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Bernhard Berenson

1470-after 1526. Started under influence of Ghirlandajo and Credi, later became almost Umbrian, and at one time was in close contact with Garbo, whom he may have assisted.

  • Bologna.
    • Pinacoteca, 102. Polyptych: Madonna and Saints.
  • Florence.
    • S. Felice. Painted Crucifix.
  • Munich.
    • 981. Crucifixion (?).
  • Paris.
    • 1512. St. Francis receiving Stigmata.
  • Rome.
    • St.

The rendering of tactile values once recognised as the most important specifically artistic quality of Giotto’s work, and as his personal contribution to the art of painting, we are all the better fitted to appreciate his more obvious though less peculiar merits—merits, I must add, which would seem far less extraordinary if it were not for the high plane of reality on which Giotto keeps us. Now what is back of this power of raising us to a higher plane of reality but a genius for grasping and communicating real significance?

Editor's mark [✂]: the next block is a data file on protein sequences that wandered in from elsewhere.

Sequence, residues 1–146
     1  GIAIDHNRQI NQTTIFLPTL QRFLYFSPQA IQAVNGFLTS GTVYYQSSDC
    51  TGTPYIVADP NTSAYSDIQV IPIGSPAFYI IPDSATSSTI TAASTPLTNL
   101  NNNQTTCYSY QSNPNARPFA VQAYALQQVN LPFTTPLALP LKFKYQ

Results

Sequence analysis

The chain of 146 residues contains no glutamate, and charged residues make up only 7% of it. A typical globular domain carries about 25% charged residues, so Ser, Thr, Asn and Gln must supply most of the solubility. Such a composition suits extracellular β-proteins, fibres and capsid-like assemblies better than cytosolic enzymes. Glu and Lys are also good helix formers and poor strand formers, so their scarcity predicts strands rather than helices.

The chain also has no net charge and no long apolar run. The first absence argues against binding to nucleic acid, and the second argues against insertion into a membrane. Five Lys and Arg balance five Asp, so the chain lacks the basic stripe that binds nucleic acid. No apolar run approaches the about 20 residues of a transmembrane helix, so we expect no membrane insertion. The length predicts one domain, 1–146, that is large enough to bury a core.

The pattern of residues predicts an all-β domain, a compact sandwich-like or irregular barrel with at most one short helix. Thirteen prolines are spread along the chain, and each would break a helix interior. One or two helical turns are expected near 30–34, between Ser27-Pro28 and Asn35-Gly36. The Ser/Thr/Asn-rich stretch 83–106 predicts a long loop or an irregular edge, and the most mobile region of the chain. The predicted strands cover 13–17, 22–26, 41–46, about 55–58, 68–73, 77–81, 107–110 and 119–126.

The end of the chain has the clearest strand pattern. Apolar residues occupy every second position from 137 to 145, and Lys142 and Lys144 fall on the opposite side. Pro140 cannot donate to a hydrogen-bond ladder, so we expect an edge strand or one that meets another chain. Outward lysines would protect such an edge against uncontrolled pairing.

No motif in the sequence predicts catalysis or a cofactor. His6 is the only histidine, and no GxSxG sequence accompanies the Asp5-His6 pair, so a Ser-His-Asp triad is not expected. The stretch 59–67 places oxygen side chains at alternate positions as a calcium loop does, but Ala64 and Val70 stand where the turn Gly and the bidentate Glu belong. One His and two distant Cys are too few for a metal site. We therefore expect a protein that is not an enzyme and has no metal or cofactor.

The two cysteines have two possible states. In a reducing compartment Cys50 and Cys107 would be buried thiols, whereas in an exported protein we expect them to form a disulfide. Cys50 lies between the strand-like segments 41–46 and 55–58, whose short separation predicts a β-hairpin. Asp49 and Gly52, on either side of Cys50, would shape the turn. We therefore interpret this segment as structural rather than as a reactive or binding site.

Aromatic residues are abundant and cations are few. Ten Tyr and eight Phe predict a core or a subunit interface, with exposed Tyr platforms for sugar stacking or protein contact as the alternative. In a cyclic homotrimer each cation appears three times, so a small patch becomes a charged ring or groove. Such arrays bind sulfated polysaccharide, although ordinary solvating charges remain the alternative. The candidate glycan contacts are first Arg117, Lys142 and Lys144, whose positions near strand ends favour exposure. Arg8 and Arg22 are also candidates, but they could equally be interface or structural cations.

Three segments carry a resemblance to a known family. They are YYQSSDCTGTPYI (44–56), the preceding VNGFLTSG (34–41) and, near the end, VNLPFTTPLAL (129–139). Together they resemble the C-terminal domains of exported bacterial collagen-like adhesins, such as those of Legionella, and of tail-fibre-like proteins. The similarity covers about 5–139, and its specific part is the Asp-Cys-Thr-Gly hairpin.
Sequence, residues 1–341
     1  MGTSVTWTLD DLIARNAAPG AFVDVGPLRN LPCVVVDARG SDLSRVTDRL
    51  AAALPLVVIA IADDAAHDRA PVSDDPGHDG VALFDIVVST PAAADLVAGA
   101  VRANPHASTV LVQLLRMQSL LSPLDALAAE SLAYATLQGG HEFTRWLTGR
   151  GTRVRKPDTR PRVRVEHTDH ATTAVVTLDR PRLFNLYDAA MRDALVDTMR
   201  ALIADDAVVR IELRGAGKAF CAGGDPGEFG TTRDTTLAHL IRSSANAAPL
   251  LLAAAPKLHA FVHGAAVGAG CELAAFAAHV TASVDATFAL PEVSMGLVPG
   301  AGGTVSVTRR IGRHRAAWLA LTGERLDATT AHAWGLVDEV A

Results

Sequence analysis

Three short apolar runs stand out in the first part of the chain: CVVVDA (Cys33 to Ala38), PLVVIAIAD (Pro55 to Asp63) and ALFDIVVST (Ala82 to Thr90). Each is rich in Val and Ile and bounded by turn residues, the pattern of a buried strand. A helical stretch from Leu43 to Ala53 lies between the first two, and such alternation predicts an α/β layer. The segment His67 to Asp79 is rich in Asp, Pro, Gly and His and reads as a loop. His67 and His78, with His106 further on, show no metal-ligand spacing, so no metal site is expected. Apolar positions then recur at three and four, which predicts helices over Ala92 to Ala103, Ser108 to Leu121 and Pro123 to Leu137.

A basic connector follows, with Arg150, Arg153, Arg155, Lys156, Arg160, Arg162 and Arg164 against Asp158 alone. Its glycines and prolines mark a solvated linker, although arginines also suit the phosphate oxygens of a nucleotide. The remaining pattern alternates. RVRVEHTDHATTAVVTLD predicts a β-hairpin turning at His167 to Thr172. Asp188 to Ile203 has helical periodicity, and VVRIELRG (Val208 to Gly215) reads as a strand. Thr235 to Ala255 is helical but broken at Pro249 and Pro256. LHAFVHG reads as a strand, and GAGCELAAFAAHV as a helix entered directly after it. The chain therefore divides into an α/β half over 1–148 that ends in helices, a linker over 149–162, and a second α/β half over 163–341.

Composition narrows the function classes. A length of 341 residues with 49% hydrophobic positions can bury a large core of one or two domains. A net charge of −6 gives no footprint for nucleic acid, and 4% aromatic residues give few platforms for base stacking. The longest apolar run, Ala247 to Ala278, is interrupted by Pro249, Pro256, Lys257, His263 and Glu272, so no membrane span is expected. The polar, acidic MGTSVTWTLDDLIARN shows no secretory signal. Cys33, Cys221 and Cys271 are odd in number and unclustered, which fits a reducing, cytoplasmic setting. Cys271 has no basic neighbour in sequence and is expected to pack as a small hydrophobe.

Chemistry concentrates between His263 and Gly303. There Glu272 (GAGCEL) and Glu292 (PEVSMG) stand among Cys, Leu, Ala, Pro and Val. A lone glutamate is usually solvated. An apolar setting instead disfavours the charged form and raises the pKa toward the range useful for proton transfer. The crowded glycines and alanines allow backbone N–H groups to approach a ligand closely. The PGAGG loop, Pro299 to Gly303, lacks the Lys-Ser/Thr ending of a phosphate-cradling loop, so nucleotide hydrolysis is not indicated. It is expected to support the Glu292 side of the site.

Known to have been active during the last three decades of the fifteenth century. Pupil possibly of Fra Angelico or Benozzo Gozzoli; influenced by Neri di Bicci; eclectic imitator of Alesso Baldovinetti, Fra Filippo, and Pesellino. Some of the best of the following are copies of the two last and of Compagno di Pesellino.

But unfortunately, though born and nurtured in a world where his feeling for the nude and his ideal of humanity could be appreciated, he passed most of his life in the midst of tragic disasters, and while yet in the fulness of his vigour, in the midst of his most creative years, he found himself alone, perhaps the greatest, but alas! also the last of the giants born so plentifully during the fifteenth century. He lived on in a world he could not but despise, in a world which really could no more employ him than it could understand him.

Died rather young in 1457. Influenced by Donatello and Paolo Uccello.

1477-1543. Pupil first of Credi, and then of Ghirlandajo, whom he assisted; influenced by Botticelli, Michelangelo Fra Bartolommeo, and Pontormo.

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